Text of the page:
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In offstage and onstage interviews, Vuong brandishes her knowledge of current events and promotes her platform: empowering homeless youth. For the talent portion of the pageant, she plays classical music—often Chopin—on the piano. For the “swim” and “evening” categories, she models the requisite attire while walking in a figure-eight shape onstage.
The year was 1960, it was orientation week for Lynn J. Ochberg ’64's freshman year at Radcliffe, and, she said, she had just been sexually assaulted by a senior on Harvard’s football team.
Some students said they are disappointed by University President Drew G. Faust’s decision not to label Harvard a "sanctuary campus" although they remain optimistic about many of her proposals to protect undocumented immigrants.
“Being in here right now, I still feel a lot of the energy,” Roberts says. He’s referring to the last time he sat in this spot: About a month ago, Roberts and more than 100 supporters packed this same lobby for seven hours, cheering and singing in solidarity with Harvard’s dining workers.
A handful of University affiliates have reported incidents of harassment around Harvard’s campus, echoing a nationwide uptick in hate speech after Donald Trump’s election.
Within his first 100 days in office, Trump hopes to begin building a wall on the southern border of the U.S. and repeal several executive actions of the Obama administration, likely including Deferred Action for Childhood Arrivals (DACA), which allows hundreds of thousands of undocumented young people to live, work, and drive in the U.S. legally. Undocumented immigrants, at Harvard and elsewhere, are feeling fearful.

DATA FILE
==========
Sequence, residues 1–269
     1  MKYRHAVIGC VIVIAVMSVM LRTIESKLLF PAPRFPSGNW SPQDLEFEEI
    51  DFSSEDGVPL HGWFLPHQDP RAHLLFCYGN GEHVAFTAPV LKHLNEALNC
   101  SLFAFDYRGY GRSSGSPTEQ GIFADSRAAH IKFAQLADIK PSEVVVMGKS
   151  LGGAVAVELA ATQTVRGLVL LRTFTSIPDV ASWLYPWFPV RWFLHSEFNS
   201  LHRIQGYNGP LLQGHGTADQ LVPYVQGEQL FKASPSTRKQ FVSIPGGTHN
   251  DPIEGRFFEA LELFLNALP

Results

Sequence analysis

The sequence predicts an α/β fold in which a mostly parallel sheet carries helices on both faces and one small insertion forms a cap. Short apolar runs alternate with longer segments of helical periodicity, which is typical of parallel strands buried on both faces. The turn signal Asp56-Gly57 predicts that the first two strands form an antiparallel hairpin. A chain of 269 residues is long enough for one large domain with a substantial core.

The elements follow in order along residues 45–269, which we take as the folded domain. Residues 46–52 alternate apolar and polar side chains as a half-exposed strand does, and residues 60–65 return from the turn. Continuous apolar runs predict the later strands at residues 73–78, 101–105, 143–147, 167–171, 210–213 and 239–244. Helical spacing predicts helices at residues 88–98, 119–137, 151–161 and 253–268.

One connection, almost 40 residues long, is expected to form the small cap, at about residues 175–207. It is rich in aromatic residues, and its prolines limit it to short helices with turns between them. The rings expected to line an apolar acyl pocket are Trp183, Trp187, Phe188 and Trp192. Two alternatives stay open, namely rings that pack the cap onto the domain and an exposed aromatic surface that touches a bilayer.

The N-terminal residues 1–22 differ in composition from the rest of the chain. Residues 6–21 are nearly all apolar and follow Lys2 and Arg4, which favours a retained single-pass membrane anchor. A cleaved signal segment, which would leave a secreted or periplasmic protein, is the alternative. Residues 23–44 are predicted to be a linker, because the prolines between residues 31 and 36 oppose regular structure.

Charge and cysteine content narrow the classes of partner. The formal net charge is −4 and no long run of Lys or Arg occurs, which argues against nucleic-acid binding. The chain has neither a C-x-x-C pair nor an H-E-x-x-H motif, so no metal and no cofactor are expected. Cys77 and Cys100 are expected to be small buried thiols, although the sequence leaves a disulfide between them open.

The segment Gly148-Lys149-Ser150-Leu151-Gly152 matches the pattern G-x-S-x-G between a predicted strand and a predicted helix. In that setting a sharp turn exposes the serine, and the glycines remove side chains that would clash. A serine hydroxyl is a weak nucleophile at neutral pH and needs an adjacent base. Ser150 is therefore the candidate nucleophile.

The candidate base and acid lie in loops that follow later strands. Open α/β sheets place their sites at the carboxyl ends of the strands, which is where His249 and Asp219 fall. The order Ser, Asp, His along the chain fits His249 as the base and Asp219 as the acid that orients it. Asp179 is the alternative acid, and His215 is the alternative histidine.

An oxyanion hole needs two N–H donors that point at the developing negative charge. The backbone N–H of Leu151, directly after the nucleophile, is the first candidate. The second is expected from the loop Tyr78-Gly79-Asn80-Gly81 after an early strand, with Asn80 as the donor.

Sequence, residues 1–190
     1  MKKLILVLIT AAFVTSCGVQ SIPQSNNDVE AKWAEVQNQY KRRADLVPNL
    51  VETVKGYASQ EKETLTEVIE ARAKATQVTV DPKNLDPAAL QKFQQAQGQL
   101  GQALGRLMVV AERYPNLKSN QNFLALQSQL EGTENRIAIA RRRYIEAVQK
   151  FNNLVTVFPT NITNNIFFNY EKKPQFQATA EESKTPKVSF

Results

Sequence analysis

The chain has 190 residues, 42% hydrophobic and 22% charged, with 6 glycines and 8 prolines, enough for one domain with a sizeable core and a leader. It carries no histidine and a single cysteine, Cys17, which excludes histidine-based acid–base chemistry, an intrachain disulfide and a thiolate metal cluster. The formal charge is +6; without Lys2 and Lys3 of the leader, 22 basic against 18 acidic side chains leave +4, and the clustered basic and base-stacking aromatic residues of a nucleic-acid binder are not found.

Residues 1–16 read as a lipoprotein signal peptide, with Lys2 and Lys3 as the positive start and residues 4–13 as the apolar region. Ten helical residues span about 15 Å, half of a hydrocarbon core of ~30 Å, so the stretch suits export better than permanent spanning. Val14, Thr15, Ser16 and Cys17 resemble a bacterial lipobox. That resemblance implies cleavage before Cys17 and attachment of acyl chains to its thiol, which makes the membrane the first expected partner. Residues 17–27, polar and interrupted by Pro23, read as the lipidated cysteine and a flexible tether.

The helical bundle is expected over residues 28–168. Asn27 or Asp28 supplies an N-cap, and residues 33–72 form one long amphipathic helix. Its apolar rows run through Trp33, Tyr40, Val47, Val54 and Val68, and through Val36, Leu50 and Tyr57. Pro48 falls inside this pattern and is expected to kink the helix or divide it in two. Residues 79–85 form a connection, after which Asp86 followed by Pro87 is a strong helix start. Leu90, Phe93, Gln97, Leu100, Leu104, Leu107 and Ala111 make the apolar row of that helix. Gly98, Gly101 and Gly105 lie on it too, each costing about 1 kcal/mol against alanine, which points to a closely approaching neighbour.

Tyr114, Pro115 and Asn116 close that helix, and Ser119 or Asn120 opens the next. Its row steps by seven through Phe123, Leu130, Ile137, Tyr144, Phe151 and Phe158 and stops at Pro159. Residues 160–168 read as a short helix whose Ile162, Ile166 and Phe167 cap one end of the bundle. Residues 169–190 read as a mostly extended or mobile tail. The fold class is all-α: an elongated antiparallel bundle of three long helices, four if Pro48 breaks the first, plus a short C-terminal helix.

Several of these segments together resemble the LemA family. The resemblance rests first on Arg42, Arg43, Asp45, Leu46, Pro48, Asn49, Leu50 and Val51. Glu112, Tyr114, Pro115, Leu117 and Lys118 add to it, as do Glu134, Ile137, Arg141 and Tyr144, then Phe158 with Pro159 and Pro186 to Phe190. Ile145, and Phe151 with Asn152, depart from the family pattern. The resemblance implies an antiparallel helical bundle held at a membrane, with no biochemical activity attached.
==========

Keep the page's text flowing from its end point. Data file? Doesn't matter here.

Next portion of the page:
Cheering and linking arms, about 200 people congregated on the steps of Widener Library Monday and called on Harvard to protect undocumented students after Donald Trump’s victory in the presidential election.
Donald Trump’s victory has mobilized more than 4,000 people to sign a petition calling upon Harvard’s administration to protect the University’s undocumented students.
Donald Trump’s upset victory in the presidential election rattled Harvard’s campus, provoking a particularly strong reaction among students of color who feel they will be disproportionately targeted by his policies.
Some student leaders who have sought greater ethnic representation in Harvard’s academic offerings said they found the new European Studies secondary disheartening.